Photo Feature by Juan Suarez

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HAVANA TIMES – I took another look into the depths of Havana, its people and customs, their problems, the reality of their environment, the city that is dying among its inhabitants.

As a famous Havana architect once said, “Havana could end up in a Dantesque vision, as a large ring of garbage or as an empty crater where once upon a time there had been a city.

 

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14 thoughts on “Deep Inside Havana

  • These people deserve so much better, once gorgeous buildings are being left to decay. The people do deserve so much better , they have got a great resilience and are a very proud people. Get behind your people Mr Castro and please restore these beautiful buildings that your people are so proud of!

  • “…My point is that poor countries are not necessarily “third world”, their poverty can be a consequence of political decisions – which I personally believe to be the case in Cuba…”

    I don’t differentiate whether their status is due to politics or physical circumstances. If it’s a poor country then I refer it as “developing.” Period.

    I don’t use “third world” any more after being corrected too many times by people who think they know better. In any case I don’t care to argue semantics or definitions, it’s immaterial to the discussion. Call it what you wish.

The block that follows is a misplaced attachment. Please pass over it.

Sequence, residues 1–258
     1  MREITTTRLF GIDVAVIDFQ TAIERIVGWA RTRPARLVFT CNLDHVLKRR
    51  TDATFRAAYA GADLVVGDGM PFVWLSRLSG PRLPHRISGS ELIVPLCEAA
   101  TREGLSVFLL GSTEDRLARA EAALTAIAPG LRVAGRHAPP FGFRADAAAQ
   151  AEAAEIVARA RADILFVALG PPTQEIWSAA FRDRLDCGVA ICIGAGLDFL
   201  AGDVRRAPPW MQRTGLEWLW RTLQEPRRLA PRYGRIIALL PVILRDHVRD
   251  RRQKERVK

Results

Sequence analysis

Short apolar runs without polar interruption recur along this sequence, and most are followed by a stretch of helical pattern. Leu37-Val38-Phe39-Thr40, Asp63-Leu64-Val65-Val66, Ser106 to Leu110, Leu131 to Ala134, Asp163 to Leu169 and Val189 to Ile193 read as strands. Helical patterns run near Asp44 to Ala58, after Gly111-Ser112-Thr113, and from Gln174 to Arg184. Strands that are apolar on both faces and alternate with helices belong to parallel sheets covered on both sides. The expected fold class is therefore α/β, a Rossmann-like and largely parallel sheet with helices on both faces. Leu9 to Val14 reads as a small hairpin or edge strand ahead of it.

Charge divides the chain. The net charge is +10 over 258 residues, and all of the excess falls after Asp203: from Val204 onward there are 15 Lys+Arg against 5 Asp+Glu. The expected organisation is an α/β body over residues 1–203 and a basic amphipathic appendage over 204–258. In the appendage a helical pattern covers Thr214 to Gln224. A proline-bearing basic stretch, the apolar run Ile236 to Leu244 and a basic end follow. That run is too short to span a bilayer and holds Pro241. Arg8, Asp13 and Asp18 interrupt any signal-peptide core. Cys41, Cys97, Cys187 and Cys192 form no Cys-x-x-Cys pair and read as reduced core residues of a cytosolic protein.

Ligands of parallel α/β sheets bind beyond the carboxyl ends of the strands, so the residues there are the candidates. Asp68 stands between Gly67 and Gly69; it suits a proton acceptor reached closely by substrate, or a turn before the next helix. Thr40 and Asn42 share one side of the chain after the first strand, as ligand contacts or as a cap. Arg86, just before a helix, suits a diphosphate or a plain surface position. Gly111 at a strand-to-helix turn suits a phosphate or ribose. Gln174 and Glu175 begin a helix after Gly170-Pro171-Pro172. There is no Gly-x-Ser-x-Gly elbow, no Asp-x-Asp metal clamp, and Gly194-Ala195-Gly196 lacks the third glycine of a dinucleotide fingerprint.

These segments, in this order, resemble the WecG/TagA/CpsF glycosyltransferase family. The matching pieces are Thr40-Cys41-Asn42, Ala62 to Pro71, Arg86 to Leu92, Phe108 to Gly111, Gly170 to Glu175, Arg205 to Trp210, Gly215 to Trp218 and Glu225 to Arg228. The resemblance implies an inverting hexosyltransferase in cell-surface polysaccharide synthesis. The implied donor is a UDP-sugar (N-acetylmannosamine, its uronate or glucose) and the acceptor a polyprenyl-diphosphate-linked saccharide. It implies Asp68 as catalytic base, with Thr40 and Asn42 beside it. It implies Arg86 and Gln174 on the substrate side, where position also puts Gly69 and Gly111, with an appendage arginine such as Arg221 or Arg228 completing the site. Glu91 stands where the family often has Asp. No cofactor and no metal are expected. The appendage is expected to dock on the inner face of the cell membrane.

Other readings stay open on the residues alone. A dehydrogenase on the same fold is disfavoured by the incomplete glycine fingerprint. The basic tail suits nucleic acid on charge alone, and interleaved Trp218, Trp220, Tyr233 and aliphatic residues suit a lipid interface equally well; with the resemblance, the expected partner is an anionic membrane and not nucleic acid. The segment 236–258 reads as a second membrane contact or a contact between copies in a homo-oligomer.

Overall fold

To me “developing” or “third world” means the same: It’s a really poor country. (That’s just me though. Maybe I’m wrong. Nomenclature has never been a strong suit.)

  • The actual reason for my asking, is that a few years ago, my wife as a Cuban described Cuba as ” a third world country.” I remonstrated with her having visited some third world countries – although not as many as you evidently from you various contributions have.
    My point is that poor countries are not necessarily “third world”, their poverty can be a consequence of political decisions – which I personally believe to be the case in Cuba.
    My believe in the potential of Cuba to make dramatic improvements in its economy started when visiting Cuba quite a lot of years ago as one of a particularly well qualified group from both North America and Europe of practising agriculturalists. Watching in subsequent years the ever increasing numbers of acres of good agricultural land reverting to bush is more than frustrating as it could so easily be stopped and reversed. It is the dogmatism of the system of “socialismo” that prevents it.
    I like you, find the conditions common in developing or third world countries deplorable, improving them ought to be a world priority.

  • I use the “developing world” as a catch-all phrase to lump poor countries together.

    Sorry if I’m using the phrase incorrectly.

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